The Google Search Console Complaint Department

April 12th, 2016

Google Search Console

Hey it’s a free tool (thanks guys!) and certainly better than nothing, but #IHaveADream

    The name, while arguably more descriptive, cannot escape its history as “Google Webmaster Tools”. Maybe in a few years we will all stop trying to say “Google Search Console” while actually saying “Webmaster Tools”. Maybe.
    How about a filter for Dupe Titles/Meta Descriptions to remove URLs with canonical tags, pagination tags, hreflang, etc. Regex filters would be great here.
    How about a lot more granularity in downloading specific links, links from specific domains, etc. (see AHrefs, Majestic, etc.)? And a very clear step-by-step process for fixing Penguin issues from within GSC would be nice.
    Has anyone ever actually gotten a result for a URL that wasn’t in the navigation?
    Great tool. Suspect data. Regex filters would make it a lot better. And for us Local SEO types, how about integrating GMB Insights data? Maybe differentiating Local Pack/Maps positions v. regular old organic?
    I’d like to remove this section from all of our site audits: “Ignore the Hreflang errors in GSC. We have never seen a case where it’s accurate.”
    Export the code Gbot fetched so we can easily search it or make it so we can easily search it in GSC
    It would be great if we could see which URLs in a XML sitemap are indexed so we could figure out why the others are not. An “Is It Indexed” tool would be great not just for URLs but for content on those URLs.
    Explain how this data is different from Average Page Load Time in Google Analytics. I am tired of doing this for you. And how about breaking this out by page or page type? Same thing with Pages Crawled Per Day.

I am sure there are more, but that’s what I’ve got this morning. Feel free to add your favorites in the comments.

→ 10 CommentsTags: Google
Posted by Andrew Shotland

The Future of Local SERPs

April 10th, 2016

Per my previous post, Are You Doing Local Answers SEO?, we have noticed these types of results are becoming more common for queries that have local intent:

Replace Furnace SERPUniversity of IIlinois Apartments Pic

Click to enlarge these sorry screenshots

This is in line with the increasing presence of Knowledge Graph results over the past year. We believe that Google is starting to view many local queries as “questions” (as opposed to “searches”) and it is trying to provide answers whenever possible. Over time, we see SERPs for local category queries moving towards becoming comprehensive landing pages for everything one would want to know to find and hire a local service pro, find something to buy at a retail location, etc. Mike Blumenthal recently asked Is The Future of Local Search Packless? We would go a step further and posit that the future of local search may in fact be “resultless”. In other words, Google will be able to aggregate all of the data from various relevant web pages and display it on a single SERP in a coherent manner that quickly helps the searcher find what they need.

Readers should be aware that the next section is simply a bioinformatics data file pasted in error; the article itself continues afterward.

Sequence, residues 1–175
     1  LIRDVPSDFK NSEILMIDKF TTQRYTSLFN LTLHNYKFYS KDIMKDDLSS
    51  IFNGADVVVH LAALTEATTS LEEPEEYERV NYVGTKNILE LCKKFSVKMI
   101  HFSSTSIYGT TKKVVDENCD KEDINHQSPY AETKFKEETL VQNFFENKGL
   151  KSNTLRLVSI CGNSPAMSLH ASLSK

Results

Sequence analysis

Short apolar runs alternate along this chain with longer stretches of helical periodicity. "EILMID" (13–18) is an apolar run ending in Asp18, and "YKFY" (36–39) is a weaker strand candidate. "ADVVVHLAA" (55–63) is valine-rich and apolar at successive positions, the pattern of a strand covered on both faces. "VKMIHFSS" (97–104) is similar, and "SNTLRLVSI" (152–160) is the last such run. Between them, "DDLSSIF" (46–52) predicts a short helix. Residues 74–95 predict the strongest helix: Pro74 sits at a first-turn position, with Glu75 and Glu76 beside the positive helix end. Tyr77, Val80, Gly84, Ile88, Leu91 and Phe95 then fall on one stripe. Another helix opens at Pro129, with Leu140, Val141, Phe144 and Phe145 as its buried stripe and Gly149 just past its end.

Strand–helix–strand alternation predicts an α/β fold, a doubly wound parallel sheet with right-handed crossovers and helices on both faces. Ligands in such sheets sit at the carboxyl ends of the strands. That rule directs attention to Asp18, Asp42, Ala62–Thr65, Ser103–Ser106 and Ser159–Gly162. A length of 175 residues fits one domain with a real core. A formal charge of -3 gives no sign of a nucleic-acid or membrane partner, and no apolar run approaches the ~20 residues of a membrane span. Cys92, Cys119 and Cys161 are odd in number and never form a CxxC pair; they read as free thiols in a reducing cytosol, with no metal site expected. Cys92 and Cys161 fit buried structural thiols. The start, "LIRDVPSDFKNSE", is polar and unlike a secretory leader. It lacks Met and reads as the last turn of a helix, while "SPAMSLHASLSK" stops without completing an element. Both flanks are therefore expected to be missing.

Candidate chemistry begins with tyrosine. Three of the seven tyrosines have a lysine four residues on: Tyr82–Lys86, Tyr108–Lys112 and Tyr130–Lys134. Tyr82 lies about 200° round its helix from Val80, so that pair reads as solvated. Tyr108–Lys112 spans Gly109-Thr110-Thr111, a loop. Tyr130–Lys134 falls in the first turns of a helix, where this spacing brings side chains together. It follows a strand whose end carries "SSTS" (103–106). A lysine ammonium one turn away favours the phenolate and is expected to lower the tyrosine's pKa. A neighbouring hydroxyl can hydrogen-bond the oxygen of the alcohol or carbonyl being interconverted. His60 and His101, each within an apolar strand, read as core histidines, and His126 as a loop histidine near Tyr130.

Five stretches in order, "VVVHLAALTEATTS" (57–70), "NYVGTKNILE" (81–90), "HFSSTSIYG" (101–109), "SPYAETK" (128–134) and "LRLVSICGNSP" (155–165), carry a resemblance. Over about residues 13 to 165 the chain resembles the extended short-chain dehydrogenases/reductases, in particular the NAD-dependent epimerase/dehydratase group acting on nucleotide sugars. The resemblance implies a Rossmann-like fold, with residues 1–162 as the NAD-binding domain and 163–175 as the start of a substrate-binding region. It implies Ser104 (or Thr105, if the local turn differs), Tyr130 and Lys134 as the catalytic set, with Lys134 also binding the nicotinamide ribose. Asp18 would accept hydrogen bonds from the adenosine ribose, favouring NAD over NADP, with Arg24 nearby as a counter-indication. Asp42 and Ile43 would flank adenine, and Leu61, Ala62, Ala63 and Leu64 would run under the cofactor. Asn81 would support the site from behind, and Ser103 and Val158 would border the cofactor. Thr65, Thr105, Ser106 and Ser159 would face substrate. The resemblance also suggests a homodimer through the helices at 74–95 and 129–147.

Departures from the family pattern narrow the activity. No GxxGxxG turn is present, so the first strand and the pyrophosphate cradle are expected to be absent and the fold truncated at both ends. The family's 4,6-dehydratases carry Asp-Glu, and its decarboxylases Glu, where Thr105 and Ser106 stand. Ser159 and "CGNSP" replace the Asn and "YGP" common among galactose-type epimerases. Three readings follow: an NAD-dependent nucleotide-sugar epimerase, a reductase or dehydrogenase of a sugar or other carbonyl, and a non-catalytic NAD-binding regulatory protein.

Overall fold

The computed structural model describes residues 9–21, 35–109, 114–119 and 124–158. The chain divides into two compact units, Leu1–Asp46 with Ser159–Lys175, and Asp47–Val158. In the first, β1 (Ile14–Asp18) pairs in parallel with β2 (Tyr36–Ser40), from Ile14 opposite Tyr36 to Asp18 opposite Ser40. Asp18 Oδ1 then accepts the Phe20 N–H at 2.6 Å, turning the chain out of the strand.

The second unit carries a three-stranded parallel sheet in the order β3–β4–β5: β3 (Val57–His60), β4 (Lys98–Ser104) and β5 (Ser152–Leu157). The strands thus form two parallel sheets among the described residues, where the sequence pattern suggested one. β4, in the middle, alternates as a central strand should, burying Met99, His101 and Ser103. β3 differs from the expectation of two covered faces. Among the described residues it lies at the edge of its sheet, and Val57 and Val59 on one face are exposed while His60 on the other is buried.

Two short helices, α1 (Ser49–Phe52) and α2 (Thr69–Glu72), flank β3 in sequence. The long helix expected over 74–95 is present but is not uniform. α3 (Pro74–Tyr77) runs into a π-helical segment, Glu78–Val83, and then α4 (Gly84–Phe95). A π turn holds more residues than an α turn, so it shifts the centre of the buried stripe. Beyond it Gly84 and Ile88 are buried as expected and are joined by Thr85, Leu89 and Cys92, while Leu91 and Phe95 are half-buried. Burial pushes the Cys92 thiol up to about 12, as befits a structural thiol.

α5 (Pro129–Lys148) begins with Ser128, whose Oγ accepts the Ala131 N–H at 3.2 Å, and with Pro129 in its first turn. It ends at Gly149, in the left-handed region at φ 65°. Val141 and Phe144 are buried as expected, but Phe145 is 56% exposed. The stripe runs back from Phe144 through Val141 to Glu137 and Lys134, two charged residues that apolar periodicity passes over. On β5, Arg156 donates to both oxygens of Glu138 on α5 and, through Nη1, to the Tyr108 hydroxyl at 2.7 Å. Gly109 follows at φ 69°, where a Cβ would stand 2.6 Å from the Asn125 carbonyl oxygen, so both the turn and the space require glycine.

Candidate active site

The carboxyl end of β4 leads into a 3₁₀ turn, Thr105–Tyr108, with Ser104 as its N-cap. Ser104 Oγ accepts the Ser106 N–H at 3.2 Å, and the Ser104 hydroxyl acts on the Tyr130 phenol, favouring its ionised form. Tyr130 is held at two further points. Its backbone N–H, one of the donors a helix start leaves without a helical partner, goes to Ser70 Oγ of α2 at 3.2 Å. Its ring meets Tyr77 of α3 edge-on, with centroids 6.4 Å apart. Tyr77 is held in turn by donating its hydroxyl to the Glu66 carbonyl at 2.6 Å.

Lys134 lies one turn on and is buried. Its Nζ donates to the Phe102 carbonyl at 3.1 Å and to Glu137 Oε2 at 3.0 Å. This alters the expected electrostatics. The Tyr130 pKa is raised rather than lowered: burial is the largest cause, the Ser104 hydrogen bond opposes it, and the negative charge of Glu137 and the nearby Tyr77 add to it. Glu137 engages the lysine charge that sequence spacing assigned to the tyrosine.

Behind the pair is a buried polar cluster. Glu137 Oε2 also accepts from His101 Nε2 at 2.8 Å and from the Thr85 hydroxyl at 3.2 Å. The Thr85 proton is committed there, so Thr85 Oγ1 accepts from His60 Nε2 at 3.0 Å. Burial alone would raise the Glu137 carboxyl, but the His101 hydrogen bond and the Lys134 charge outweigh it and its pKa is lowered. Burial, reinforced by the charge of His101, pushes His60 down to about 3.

In the “replace furnace” example, imagine a SERP that contained the following:

  • A list of top-rated furnaces and prices aggregated from multiple sites that rate and review furnaces
  • A list of top-rated local HVAC providers with their average ratings & reviews from multiple sites and their average price for replacing a furnace. A “Contact Now”, “Get a Quote” or “Book Appointment” button would appear next to each.
  • Popular videos about how to replace a furnace
  • Articles about how to choose a HVAC contractor, replacing furnaces, etc.
  • Information about permits required by your city to do HVAC work

In many ways Google’s SERPs already provide this data, but it’s typically displayed as the standard list of links. These Knowledge Graph results show that Google is moving rapidly towards displaying much more customized SERPs. As Googlers often say, they are trying to get searchers the best answers to their queries as fast as possible.